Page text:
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OpenFlux Component Framework for Flex

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OpenFlux offers Flex developers an open source component framework based on the Model-View-Controller (MVC) Architecture. The library has a set of components that currently includes Buttons, Lists, and ScrollBars. The goal of OpenFlux is to make it easy to “dramatically” customize components within a Flex application, without fear of breaking other parts of the component

Ben Stucki, the project founder, describes the component model this way:
Each component in OpenFlux is comprised of three core parts which work together to define the API (Model), graphics (View), and behavior (Controller) of a component. At first glance I’m sure this seems like it may be overkill for creating a component, and it does add a little bit of complexity. However, there is a huge advantage in that you can very quickly and easily add entirely custom graphics and/or behavior to a component without having to worry about rewriting or breaking the existing pieces.
Project contributor, Ryan Campbell, discusses the differences between the standard Flex components and the OpenFlux components:
The general difference between an OpenFlux component and the current Flex components is that the logic is separated in to a MVC architecture. This allows you to easily swap out one part of a component while keeping the functionality of the others. A List component goes a step further and separates the layout logic so you can easily invent new ways to layout your list items.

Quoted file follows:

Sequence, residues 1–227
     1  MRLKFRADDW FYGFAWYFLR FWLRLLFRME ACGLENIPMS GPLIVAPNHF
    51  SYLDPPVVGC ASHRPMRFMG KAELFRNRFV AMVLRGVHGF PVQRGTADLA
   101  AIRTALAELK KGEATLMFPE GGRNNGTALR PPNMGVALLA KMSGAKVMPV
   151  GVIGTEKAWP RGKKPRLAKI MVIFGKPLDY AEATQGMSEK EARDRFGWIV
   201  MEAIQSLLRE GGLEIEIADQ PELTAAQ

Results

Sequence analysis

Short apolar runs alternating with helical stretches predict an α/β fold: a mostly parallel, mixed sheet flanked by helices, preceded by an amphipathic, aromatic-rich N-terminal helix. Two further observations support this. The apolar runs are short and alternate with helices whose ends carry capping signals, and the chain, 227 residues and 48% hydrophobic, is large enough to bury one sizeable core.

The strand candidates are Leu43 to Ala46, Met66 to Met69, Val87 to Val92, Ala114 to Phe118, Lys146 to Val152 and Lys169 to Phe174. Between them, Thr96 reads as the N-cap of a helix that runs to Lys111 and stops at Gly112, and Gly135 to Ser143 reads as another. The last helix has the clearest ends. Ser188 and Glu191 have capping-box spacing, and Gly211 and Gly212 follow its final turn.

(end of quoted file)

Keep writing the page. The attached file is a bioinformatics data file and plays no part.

In Ben Stucki’s post announcing the release earlier this year, he detailed the motivations for building OpenFlux:
The real purpose of OpenFlux is to be customized and used in your projects. Using a viewless component system means that you can create dramatically new and interesting components quickly and easily, without having to worry about breaking the other parts of the component. Ever spent days hacking away at the Accordian, TabNavigator, or List components? Me too, that’s why I built this. The answer isn’t to make everything protected, it’s to have a better component model!
If you are interested in learning more about OpenFlux, InsideRIA has a good post that walks through getting started with the framework. Also, posted an audio interview earlier this year with Ben Stucki.

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